New Mexico Gov. Michelle Lujan Grisham announced on April 3 that recreational marijuana sales in New Mexico totaled more than $300 million in the first year of regulating adult cannabis sales. .
Lujan Grisham signed the Cannabis Control Act in April 2021, legalizing adult marijuana use and creating a framework for the regulated sale of adult cannabis. Just one year later, in April 2022, regulated dispensaries across the state began selling recreational marijuana licenses. Since then, New Mexico regulators have issued nearly 2,000 cannabis licenses throughout New Mexico, including 633 cannabis retailers, 351 growers, 415 micro-producers and 507 manufacturers, the governor said. office reported.
“In just one year, hundreds of millions of dollars of economic activity have been generated in communities across the state, the number of businesses continues to grow, and thousands of New Mexicans are employed in this new industry.” Lujan Grisham said “We look forward to seeing what the future holds as we continue to advance the innovative and safe adult cannabis industry,” the company said in a statement on April 3.
$27 million in cannabis taxes
Recreational cannabis monthly sales have remained steady in the first year of legalization, hitting a monthly high of $32.3 million last month. Last year, more than 10 million recreational cannabis sales transactions were made, generating more than $27 million in his cannabis excise tax to the state’s General Fund and local communities.
The big cities of Albuquerque, Las Cruces, and Santa Fe had the most recreational cannabis sales, while the smaller communities of Clovis, Farmington, and Ruidoso each exceeded $7 million in adult-use sales. Retailers in towns along the border with Texas, where recreational marijuana is still illegal, also recorded strong sales of adult-use cannabis.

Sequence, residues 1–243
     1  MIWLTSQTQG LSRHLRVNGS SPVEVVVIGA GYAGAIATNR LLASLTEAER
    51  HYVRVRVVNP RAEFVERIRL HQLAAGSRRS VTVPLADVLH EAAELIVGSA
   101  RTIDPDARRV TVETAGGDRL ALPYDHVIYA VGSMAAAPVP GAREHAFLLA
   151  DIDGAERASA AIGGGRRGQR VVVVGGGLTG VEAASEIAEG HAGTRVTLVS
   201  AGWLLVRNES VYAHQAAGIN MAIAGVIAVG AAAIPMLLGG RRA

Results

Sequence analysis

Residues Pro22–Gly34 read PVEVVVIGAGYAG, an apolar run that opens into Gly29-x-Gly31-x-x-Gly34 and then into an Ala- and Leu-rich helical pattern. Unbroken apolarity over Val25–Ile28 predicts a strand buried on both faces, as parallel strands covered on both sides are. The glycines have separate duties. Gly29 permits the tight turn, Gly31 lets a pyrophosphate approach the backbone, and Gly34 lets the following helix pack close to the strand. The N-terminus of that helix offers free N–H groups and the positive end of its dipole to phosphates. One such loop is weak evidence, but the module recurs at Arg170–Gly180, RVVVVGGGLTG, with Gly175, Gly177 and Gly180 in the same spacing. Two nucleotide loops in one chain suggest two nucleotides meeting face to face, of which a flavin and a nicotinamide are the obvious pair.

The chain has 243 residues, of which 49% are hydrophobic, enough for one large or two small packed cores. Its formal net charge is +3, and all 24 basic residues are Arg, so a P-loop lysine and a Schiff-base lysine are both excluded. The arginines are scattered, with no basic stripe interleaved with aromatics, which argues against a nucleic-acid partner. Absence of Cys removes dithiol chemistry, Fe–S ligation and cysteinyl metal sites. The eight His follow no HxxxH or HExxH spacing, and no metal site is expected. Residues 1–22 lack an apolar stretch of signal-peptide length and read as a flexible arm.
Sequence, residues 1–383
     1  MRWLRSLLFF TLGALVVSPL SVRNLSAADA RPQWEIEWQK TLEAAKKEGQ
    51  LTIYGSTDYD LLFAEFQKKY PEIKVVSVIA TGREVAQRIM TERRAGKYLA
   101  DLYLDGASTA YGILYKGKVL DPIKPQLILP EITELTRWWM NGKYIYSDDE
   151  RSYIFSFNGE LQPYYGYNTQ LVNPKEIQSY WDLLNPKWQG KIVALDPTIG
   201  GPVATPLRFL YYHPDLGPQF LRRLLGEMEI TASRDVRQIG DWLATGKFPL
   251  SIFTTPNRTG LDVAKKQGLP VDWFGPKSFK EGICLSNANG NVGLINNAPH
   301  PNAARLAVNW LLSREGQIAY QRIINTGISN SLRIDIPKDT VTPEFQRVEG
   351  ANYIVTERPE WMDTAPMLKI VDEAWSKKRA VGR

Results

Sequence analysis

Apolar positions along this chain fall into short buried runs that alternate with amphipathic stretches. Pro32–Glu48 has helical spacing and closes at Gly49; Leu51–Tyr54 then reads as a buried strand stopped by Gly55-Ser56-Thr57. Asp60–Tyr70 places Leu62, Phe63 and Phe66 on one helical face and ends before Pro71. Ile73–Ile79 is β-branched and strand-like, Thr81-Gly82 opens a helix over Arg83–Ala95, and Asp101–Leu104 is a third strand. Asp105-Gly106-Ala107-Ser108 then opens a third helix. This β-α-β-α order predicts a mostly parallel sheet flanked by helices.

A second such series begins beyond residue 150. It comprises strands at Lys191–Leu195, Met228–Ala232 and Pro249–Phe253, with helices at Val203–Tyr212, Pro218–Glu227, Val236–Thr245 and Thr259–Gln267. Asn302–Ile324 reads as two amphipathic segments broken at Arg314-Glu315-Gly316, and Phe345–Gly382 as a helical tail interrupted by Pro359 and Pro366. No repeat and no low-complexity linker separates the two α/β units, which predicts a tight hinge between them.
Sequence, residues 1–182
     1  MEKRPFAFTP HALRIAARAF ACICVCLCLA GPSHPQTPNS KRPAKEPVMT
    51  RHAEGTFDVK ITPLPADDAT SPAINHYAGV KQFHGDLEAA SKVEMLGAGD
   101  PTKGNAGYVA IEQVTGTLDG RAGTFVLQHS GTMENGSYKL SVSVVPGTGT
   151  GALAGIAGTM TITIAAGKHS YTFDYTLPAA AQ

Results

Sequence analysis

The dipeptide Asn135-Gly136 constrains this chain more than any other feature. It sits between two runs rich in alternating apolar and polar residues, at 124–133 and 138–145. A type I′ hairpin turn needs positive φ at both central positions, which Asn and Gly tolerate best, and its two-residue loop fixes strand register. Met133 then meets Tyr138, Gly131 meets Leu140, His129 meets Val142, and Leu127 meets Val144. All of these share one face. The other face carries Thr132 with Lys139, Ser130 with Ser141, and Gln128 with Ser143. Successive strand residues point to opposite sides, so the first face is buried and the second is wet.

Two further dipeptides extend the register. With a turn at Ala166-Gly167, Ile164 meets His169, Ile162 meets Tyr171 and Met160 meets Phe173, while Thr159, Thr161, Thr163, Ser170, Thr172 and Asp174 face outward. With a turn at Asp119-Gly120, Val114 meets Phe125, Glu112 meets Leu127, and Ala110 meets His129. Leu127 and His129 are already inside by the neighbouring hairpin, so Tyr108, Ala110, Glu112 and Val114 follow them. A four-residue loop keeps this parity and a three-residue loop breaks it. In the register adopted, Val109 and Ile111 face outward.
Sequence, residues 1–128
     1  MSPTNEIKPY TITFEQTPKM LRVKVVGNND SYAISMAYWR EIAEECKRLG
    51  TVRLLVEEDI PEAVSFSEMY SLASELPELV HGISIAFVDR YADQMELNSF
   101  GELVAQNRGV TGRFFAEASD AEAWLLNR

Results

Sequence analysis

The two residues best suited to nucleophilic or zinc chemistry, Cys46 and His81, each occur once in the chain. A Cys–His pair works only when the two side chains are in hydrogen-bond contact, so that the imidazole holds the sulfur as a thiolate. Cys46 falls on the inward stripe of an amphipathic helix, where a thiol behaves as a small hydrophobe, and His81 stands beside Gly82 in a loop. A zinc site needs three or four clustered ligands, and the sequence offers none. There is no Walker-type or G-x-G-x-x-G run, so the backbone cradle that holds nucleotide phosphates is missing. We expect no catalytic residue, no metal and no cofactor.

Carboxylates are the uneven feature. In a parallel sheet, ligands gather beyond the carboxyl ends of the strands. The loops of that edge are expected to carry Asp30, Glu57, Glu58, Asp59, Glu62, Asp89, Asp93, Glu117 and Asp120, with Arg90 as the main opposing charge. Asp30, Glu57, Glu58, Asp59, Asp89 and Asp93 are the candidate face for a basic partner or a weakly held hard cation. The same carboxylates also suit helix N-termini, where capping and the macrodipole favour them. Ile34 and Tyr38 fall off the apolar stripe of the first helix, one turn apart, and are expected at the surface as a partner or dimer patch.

Democratic Rep. Javier Martinez, who has advocated for legalization for years, said: said to albuquerque journal. “we [legalized] That’s the correct way.
Last week, Linda M. Trujillo, director of the New Mexico Department of Regulatory and Licensing, noted the strong growth of New Mexico’s adult cannabis industry in its first year of sales, prompting the agency to begin expanding regulations in the coming years. Then added: Month.
“There are over 2,500 individuals with a dominant share in the cannabis business.” Trujillo said, is now overseeing the Cannabis Control Division (CCD) following the recent resignation of its acting director. “We now know that the next step is compliance, and we have been building on that aspect over the last year.”
Riley White, an associate professor of finance at the University of New Mexico Anderson School of Business, cites several factors for the state’s adult cannabis industry’s strong first year.
“Strong consumer spending and historically low New Mexico unemployment … have fueled the growth of recreational marijuana, and cannabis taxes have provided an additional source of revenue for state and local governments,” White said. rice field.
Market analysts believe New Mexico’s cannabis industry may undergo some adjustment in its second year, and several dispensaries across the state may shut down. Many people are still confident in the industry’s long-term growth potential.
“New Mexico cannabis has a clear path to growth to more than $500 million a year, especially when comparing sales to states that legalized it many years ago,” White said. “However, it will be a bumpy road. Market saturation will limit growth, and many companies may find their business unsustainable. Uncertainty in the economic outlook is also a factor. and especially because it is not clear how much consumers will cut recreational sales during times of economic stress. The consolidation will be centered on companies that have